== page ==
Dr. Clifford Cunningham is a planetary scientist. He earned his PhD in the history of astronomy at the University of Southern Queensland, and has undergraduate degrees in science and ancient history from the University of Waterloo. In 2014 he was named a contributor to Encyclopedia Britannica. He is the author of 14 books on asteroids and the history of science. In 1999 he appeared on the TV show Star Trek: Deep Space Nine. Asteroid 4276 was named in his honor in 1990 by the International Astronomical Union based on the recommendation of its bureau located at Harvard-Smithsonian Center for Astrophysics.
Is man the measure of all things? This question has been at the forefront of philosophy ever since Protagoras proclaimed that man is the measure of all things. Sometime before he died in 420 BCE Protagoras locked horns with Socrates in a debate captured for us by Plato. It is a close reading of these works of Plato that is the subject of this book by Robert Bartlett, the Behrakis Professor of Hellenic Political Studies at Boston College.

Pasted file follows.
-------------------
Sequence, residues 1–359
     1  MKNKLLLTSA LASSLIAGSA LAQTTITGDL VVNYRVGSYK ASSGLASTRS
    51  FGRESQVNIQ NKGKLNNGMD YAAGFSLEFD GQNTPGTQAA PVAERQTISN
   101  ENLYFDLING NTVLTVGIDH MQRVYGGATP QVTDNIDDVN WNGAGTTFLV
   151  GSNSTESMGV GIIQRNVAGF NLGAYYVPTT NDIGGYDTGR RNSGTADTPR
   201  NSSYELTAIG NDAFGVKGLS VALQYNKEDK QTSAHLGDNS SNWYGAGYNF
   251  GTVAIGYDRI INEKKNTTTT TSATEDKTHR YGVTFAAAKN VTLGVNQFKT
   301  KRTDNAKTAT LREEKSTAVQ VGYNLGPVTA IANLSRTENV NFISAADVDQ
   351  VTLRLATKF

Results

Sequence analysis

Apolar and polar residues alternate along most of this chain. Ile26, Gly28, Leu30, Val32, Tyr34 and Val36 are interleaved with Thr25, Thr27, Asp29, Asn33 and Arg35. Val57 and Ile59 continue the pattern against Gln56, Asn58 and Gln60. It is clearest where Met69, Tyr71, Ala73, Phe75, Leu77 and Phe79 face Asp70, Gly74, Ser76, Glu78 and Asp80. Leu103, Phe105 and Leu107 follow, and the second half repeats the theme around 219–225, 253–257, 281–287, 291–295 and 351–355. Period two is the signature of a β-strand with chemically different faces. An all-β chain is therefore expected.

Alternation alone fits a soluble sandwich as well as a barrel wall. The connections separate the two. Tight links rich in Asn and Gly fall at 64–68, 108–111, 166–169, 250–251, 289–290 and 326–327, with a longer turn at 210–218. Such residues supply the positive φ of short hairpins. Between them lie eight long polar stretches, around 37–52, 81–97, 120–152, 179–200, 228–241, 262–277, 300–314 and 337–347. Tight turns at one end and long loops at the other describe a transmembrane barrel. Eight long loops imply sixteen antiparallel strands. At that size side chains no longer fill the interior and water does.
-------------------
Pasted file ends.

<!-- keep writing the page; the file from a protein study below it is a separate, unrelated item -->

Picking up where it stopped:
A dramatic artistic impression of Protagoras, by the 17th century painter Jusepe de Ribera, graces the cover of this exploration of Plato's two texts, the Protagoras and the Theaetetus. Despite his own vast learning and study, Bartlett admits more than once that the meaning embedded in Plato's works is far from transparent. For example, on pg. 78, he writes “It is difficult to know what to make of these challenging exchanges.”
He is referring to a discussion between Protagoras and Socrates on the subject of wisdom, courage and boldness. It occurs in Plato's text Protagoras. Socrates attempts to show it is the wisest who are boldest, and, being boldest, most courageous. So, Socrates concludes, “according to this argument, the wisdom [in question] would be courage.”